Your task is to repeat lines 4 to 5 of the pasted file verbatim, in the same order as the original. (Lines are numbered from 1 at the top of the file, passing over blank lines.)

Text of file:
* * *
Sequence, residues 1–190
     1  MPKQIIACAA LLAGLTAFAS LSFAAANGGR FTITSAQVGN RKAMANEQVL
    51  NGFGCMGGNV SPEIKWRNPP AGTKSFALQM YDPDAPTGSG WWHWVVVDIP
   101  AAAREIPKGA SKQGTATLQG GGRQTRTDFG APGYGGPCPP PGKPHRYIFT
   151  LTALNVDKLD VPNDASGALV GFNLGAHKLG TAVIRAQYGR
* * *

   101  AAAREIPKGA SKQGTATLQG GGRQTRTDFG APGYGGPCPP PGKPHRYIFT
   151  LTALNVDKLD VPNDASGALV GFNLGAHKLG TAVIRAQYGR